I agree with the basis of your argument. Scriptural worship should match the ethos of the Scripture it is based on. So how do you respond to recent comments that hip-hop and rap are appropriate forms to communicate some of the lament, brokenness, chaos, etc. of Scripture?

  3. Brad,

    Let me start with one question you asked, because my answer to this is more important than anything else I might add. There is no sense in which my acceptance before God is in any way predicated on the degree to which my music has been “cleaned up.” Not at all, in no way. My acceptance before the Father is wholly on the merits of Jesus Christ. I do not contribute to that acceptance in justification or in sanctification.

    I would also reiterate my closing point: good Christian folk are likely to disagree as to the specifics of the what a given passage of Scripture would sound like. I still do not believe that the mere existence of such disagreement indicates that no style is better suited than another; it simply means that none of us get it perfectly.

    As to your other questions: I (and most of the other writers on the site) would want to contend that the music of Raccoon Holler likely represents a degradation of worship, at least to some level. This is not to suggest that the believers at Raccoon Hollow didn’t really love the Lord; I suspect they did, and that they were sincere, etc.

    Can I sketch out a parallel example? In my post, I compared right doctrine and right affections. I think this is a legitimate parallel; others may not. But if it is, consider the following question: “Would a doctrinally orthodox creed from 1600 Geneva and from 1878 Raccoon Holler Tennessee have distinct wording?” Allow me a gratuitous assumption here, that these two creeds have some really substantial differences, not least of which are their conflicting positions on the relationship of God’s sovereignty and human responsibility.

    Now, I would (probably) concur that both creeds are orthodox, in the broad sense of that term. They both point to the same Triune God, and both highlight the necessity of salvation by grace through faith. And yet they do so in such tremendously different ways that, while I can respect the sincerity and piety of both groups of believers, I can’t in any way think that their expressions are of equal value. One doctrinal statement is better than the other. It is more accurate, more conducive to sound teaching.

    In my estimation, a similar call must be made when we speak of the music of Geneva and Raccoon Holler. Both might broadly be within the realm of orthodoxy, but one of these is more sound, more conducive to right affections than the other. One better captures the feel of the biblical truth it is intended to convey.

    Again, I’ve done nothing here to defend why I think one might be superior to the other (except to establish that Scripture is the authority for these judgment calls). All I’ve wanted to do is establish the principle that, even within the framework of orthodoxy, reasonable and meaningful questions of discernment arise, and those charged with leading the churches need to consider how they answer.

  4. Michael,

    Thanks for the reply. As far as grace and acceptance, I was only addressing God’s acceptance of our worship. I certainly do not think that “sincerity” is the basis of God’s acceptance of worship, but are those who do not know any better and have no reasonable way of knowing any better guilty of unworthy worship? Are the good ol’ folks of Raccoon Holler commanded to love the Lord with J.S. Bach’s heart, John Calvin’s heart, or their own heart?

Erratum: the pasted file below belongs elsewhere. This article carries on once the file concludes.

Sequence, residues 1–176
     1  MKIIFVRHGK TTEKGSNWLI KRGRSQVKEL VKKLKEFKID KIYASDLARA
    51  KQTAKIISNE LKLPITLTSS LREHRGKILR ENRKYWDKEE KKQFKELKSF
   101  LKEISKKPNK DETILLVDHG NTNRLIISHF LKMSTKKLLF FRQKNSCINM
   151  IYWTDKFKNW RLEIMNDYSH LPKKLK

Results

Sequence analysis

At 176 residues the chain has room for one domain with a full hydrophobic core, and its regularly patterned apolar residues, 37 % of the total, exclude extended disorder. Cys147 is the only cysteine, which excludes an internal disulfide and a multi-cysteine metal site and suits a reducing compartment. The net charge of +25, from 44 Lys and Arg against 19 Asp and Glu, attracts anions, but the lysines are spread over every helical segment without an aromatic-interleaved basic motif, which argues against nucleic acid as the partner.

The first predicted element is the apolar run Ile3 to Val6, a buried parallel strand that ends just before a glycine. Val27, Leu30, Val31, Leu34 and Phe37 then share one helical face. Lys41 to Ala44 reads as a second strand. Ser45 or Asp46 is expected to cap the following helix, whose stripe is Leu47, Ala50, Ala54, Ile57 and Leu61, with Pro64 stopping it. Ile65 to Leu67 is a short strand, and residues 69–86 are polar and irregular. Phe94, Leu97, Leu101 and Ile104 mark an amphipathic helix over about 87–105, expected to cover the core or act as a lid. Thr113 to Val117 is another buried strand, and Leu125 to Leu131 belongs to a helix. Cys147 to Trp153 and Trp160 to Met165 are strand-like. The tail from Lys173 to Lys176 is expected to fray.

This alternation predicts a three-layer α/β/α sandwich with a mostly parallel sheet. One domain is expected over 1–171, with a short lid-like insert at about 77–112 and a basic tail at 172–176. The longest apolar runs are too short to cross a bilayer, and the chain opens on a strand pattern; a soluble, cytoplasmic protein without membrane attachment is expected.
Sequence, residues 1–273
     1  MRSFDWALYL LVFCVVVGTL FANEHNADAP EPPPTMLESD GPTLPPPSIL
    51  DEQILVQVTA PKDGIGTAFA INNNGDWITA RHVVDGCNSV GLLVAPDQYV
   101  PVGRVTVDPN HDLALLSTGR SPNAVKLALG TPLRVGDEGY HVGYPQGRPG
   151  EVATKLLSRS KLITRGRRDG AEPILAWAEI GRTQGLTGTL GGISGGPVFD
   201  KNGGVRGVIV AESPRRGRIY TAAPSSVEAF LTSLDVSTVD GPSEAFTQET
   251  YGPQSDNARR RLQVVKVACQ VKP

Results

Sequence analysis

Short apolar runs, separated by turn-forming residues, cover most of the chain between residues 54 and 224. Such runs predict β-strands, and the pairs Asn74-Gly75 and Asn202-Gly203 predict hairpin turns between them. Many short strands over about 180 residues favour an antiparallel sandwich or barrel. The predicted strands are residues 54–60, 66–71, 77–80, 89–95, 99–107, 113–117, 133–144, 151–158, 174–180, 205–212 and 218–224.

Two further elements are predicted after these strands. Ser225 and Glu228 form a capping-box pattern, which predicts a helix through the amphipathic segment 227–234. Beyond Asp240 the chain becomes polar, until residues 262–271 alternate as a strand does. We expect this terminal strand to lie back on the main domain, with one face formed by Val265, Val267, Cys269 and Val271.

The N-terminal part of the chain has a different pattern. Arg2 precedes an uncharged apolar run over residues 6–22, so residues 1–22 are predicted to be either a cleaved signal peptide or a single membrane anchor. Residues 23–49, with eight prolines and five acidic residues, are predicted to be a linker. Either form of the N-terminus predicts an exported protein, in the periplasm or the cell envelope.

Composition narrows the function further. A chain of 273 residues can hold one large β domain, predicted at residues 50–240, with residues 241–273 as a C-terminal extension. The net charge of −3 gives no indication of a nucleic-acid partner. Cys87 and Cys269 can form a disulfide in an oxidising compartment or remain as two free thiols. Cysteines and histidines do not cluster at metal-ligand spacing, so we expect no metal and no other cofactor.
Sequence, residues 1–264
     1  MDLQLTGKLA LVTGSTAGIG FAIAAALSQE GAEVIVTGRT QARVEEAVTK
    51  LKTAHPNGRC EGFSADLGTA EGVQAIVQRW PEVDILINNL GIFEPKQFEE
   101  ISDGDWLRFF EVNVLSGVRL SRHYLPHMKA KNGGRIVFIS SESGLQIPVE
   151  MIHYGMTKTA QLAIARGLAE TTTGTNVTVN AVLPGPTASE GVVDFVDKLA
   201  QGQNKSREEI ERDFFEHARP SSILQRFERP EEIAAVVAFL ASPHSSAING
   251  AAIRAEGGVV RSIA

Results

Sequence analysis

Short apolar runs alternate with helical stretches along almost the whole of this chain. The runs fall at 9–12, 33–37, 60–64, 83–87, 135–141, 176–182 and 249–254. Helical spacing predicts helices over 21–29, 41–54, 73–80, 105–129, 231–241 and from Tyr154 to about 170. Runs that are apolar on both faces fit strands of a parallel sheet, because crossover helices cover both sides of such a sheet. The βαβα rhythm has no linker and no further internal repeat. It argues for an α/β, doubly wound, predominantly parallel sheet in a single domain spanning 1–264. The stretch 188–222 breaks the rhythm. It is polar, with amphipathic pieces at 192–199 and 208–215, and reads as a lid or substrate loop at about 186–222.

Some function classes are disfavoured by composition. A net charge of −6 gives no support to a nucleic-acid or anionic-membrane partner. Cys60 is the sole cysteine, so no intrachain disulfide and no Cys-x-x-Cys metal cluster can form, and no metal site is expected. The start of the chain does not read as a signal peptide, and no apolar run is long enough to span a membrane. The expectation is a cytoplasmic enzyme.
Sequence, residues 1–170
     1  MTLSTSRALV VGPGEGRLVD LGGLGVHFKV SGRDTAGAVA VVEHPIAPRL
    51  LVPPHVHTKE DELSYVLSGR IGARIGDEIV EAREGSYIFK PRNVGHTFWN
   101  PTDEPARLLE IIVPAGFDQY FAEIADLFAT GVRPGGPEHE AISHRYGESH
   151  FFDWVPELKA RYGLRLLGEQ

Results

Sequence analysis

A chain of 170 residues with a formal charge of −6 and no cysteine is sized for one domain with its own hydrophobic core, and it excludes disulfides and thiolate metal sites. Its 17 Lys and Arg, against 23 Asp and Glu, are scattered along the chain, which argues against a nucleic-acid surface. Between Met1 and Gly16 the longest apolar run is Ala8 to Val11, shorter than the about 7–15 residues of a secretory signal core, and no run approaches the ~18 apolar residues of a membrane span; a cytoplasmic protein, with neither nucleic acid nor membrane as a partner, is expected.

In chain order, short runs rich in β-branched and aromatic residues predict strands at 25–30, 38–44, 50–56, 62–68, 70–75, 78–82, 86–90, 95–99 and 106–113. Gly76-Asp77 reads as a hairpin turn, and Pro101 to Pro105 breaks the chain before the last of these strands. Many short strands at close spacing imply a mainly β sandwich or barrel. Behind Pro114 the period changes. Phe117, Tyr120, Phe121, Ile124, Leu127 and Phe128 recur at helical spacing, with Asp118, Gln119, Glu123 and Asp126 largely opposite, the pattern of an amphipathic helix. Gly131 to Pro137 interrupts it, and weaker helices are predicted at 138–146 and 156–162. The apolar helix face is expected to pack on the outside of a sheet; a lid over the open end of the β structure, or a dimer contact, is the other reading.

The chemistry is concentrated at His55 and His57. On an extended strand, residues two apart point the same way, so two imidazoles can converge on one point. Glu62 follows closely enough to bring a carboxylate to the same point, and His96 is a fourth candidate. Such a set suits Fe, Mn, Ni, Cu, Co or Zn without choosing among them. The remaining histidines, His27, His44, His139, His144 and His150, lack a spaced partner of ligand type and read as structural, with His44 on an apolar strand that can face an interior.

You state, “…their views of God and his revelation are so different as to cause them to suspect that the other person is not loving God rightly at all.” I think these are the kind of statements that give ammunition to those who speak against some of the work on this site. Are we to assume the products of 19th century Appalachian culture did not love the Lord as fully, or worship the Lord as well as those in Leipzig or Geneva?

    But perhaps I am asking for too much too soon. You have just set out to begin a conversation and I am not doing much to let it breathe. I am looking forward to reading some of the hashing out of how “right affections have an objective standard for evaluation in the Word of God.” It would be very helpful if these objective standards of right affections could be pointed out.

    I really identified with a couple of your illustrations. When I was leading a choir I mentioned “Glory to His Name” as an inferior song that should not be sung since it sings of the cross and repentance in a rather glib way. That night in the service we took requests and one of the first songs asked for was of course “Glory to His Name.” I heard several chuckles from the choir behind me!

    I personally enjoy most of what Nathan Clark George composes, but I have used his recording of “The Devil Ain’t Lazy” as another example of singing of something true in a biblically unfaithful way.

    All that to say, I am sympathetic to your argument. But I also see some things to at least consider in some of the counter-arguments. Thanks for suffering long!

  5. Brad,

    I think your illustrations are really good and useful. When you cite “Glory to His Name,” I would take that as stereotypical of the music at Raccoon Hollow. Would you agree? (Again, we’re obviously using stereotypes here.)

    My point is to say that the folks in Raccoon Hollow, or your church, or my church, who all love “Glory to His Name” are, undoubtedly, sincere and truly pious saints. I am also happy that we agree that their sincerity is not sufficient to make anything and everything acceptable. But this is precisely what I mean when I say that, for the folks for whom “Glory to His Name” represents something of the essence of their affections for God, their love for God is quite disordered.

    I hardly fault them for this. I would compare my evaluation of these folks to those, for instance, who have been taught that the KJV is the only legitimate English translation. For those who propagate this error, especially those who do so knowingly, I have immense disdain. For those who have merely been ensnared in the error, I have deep sympathy and great patience. What won’t do, however, is simply to say that it’s no error.

  6. […] Accepting sola scriptura and arguing musical style – Religious .This is a little intro piece that I've written for some friends who have asked for a basic defense of musical conservatism. It hardly gets us to full-blown conservatism, but at least offers the structure of why I think the Bible, while. […]